On the night of Nov. 08, hours after prime minister Narendra Modi announced the end of the current Rs500 and Rs1,000-denominated notes, thousands of Indians lined up outside ATMs across the country to quickly withdraw some cash.
That’s because the machines will now be shuttered for up to two days so that new notes can be injected into the financial system. And with banks scheduled to remain closed on Nov. 09 to facilitate this huge change, it’s no surprise that a bit of a panic has set in, particularly among those who didn’t have much cash on them.
However, in the world’s fastest-growing startup ecosystem, it is remarkably easy to imagine going cash-free in urban India—at least for the next 48 hours. Everything from getting to work to stocking your fridge is, luckily, just a click away.
Here’s the essential survival guide:
Groceries and vegetables: Across urban India, online delivery of vegetables, fruits, dairy products, meat, and household products is becoming increasingly popular. Often, the variety and quality of products available online go far beyond what the local grocer can offer. For example, BigBasket.com sells over 1,000 brands of more than 18,000 products—far more than what most physical stores can hold.
Several such services now offer express delivery, where orders are fulfilled in a couple of hours at minimal additional charges. Besides, such services are not limited to metros. For instance, hyper-local grocery delivery app Grofers operates in around 20 cities, including smaller ones such as Surat, Kanpur, Agra, Indore, Nagpur, Ludhiana, and Vadodara. Other options include online meat shop Licious, chemical-free meat delivery company FreshToHome, and gourmet grocery store Nature’s Basket.
Food delivery: If you’re not in the mood to cook and your favourite neighbourhood restaurant doesn’t accept cards, food delivery services have got you covered. Apps such as Swiggy, Runnr, and Zomato will deliver anything from Mexican tacos to Indian-Chinese favourites to a Punjabi spread and you can pay online with your card.
Commuting and travel: If there’s one area that has thoroughly benefited from apps, it’s travel. Whether you’re commuting or planning an international trip, going cashless is remarkably simple.
Within cities, private taxis are just a few clicks away. The taxi wars of the past few years have made hailing one easy and affordable even if you can only pay online. Ola users can pay via the company’s own online wallet, Ola Money, while Uber allows customers to attach their debit or credit cards to the app or pay using the online wallet service Paytm.
Even metro cards for some cities can be recharged online using mobile wallets such as Paytm and Freecharge.
For inter-state travel, bus tickets can be booked using net banking or credit and debit cards on portals like redBus and AbhiBus. Indian Railways’ ticketing portal IRCTC allows users to book train tickets while airline tickets can be booked on websites and apps of companies such as MakeMyTrip and Yatra. Meanwhile, hotel reservations can be made on OYO Rooms, Trivago, Booking.com, Cleartrip, Goibibo, and Expedia. There’s also Airbnb.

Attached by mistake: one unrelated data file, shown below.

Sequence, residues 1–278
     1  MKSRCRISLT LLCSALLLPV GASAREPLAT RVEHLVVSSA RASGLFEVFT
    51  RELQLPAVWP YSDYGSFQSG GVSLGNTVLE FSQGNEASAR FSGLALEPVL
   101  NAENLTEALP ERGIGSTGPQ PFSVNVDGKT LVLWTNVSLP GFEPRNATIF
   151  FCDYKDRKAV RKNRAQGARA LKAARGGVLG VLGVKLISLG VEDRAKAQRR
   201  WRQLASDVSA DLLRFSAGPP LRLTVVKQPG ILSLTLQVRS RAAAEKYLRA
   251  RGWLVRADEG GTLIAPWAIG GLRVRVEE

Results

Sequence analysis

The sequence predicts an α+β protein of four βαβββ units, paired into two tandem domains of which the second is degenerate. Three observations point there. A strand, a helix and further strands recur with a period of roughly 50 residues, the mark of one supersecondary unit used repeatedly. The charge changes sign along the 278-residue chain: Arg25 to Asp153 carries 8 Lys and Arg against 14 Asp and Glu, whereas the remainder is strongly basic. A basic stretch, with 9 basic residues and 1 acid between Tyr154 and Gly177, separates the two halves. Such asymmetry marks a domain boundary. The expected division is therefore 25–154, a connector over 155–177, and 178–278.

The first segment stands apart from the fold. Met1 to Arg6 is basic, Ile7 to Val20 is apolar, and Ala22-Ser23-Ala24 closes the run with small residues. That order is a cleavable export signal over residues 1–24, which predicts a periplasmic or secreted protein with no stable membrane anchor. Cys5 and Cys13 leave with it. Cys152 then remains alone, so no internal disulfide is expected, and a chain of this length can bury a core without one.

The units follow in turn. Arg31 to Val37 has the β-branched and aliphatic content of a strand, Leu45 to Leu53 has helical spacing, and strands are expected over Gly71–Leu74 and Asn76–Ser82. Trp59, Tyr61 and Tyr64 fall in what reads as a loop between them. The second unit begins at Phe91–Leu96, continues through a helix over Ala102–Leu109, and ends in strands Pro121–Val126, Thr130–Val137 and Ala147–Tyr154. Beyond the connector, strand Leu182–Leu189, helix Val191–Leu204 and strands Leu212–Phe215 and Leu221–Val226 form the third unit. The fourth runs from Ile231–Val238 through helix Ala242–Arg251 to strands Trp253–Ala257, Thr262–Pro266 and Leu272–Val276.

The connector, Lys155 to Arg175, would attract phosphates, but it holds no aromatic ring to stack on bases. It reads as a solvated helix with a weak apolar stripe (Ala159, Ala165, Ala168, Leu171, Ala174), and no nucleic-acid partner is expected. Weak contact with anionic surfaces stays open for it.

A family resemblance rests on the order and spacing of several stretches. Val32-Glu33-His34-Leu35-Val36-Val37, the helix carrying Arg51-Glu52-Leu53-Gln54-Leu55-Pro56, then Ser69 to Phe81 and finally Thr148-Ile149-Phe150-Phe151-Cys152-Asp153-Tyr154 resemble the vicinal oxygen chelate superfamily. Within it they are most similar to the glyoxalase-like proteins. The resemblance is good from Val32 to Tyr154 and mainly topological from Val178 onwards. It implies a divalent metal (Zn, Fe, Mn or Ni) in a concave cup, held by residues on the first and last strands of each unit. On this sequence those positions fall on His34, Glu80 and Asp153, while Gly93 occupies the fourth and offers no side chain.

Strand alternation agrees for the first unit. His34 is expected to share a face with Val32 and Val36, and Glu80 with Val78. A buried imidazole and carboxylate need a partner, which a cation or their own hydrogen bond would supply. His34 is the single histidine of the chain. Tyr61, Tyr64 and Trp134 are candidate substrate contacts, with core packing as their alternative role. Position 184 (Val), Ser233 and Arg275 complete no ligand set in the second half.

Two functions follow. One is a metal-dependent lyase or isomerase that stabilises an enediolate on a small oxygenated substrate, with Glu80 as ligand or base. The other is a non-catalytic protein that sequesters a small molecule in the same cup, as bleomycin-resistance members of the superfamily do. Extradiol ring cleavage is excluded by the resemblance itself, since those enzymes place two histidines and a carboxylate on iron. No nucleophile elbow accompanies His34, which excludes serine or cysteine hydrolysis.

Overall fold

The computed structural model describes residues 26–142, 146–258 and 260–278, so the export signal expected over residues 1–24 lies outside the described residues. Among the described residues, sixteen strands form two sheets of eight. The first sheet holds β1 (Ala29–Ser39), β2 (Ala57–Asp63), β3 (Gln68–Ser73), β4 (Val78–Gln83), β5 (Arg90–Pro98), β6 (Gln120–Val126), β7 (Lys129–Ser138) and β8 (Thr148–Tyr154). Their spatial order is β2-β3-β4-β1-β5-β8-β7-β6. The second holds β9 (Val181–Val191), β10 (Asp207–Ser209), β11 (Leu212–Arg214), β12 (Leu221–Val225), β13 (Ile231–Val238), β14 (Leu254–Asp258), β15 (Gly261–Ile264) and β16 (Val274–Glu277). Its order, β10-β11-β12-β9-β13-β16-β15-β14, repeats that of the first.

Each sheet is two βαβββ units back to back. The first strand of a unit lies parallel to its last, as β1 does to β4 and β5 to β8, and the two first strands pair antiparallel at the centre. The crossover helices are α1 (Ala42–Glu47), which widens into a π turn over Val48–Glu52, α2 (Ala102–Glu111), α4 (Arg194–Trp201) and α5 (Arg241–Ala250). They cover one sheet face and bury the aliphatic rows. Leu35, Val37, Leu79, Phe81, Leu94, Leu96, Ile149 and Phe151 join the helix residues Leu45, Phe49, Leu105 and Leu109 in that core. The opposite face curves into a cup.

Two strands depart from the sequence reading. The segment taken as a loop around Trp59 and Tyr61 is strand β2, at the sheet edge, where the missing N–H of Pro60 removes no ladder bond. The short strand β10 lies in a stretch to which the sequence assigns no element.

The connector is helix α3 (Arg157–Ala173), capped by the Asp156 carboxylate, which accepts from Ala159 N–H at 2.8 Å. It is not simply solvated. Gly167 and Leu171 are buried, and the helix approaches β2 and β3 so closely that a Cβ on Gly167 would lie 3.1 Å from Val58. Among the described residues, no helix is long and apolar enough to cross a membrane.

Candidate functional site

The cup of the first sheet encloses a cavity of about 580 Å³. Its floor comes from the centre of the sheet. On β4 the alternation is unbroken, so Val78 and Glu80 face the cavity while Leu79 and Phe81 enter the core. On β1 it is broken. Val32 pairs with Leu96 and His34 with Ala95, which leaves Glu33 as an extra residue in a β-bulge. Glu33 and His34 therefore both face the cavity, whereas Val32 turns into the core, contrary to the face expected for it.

Paying bills: Gone are the days of queuing up outside government offices to pay for power or water. Now, you can clear your internet, mobile phone, and landline bills, among others, through e-wallets or on company and government websites.
Medicines and condoms: A number of startups have launched e-pharmacies where one can buy prescription and over-the-counter drugs and contraceptives, often 24 hours a day, with the option of e-payment or card at the time of delivery. For example, online pharmacy Netmeds delivers to any location in India and Zigy.com, founded by former Infosys director Phaneesh Murthy, is an online marketplace where you can find allopathic, homeopathic, and ayurvedic healthcare products. Even condoms can be bought on e-commerce portals like Amazon, though you’ll have to wait a while till they are delivered.
Clothes and accessories: Fashion is one of the hottest categories in Indian e-commerce. From specialised players such as Myntra and Jabong to online retailers, including Flipkart and Amazon, there are several options to buy clothes, shoes, bags, and accessories online, all without paying in cash.
Books and entertainment: One of the first products to be sold online in India were books and over the years the industry has grown so rapidly that some new reads are exclusively launched on e-commerce portals. Take your pick from Amazon’s Kindle service (available as an app for tablets and smartphones) and Google’s Play Books (available on Android devices), among others. If you don’t have the small currency denominations to pick up a magazine or newspaper at your local newsagent, apps such as Google Play Newsstand, Zinio, and more have got you covered with the latest issues, from both India and abroad.
For tickets to movies, plays, and other events, BookMyShow is your best bet, enabling you to pay online for a small surcharge per ticket.
Home cleaning and laundry: You can easily avoid paying cash to the dhobi (washerman/woman) or your maid, thanks to websites that offer house cleaning, washing, ironing, and dry-cleaning services that accept online payment. Housejoy or Quikr could even get you hefty discounts or cashback on home cleaning. For laundry services, there are Wassup on Demand, Timesaverz, PickMyLaundry, and LaundryWala, among others.
Beauty services: In case you’ve run out of cash and the neighbourhood salon does not accept cards, you could tap—even at short notice—StayGlad, Housejoy, and UrbanClap. They all offer home service at rates that match those of salons.
Alcohol: Planning to celebrate or mourn the results of the US elections? Services such as LiquorKart promise to deliver anything from beer and wine to whisky (including premium scotch) and tequila. You can even order glassware or accessories and pay online.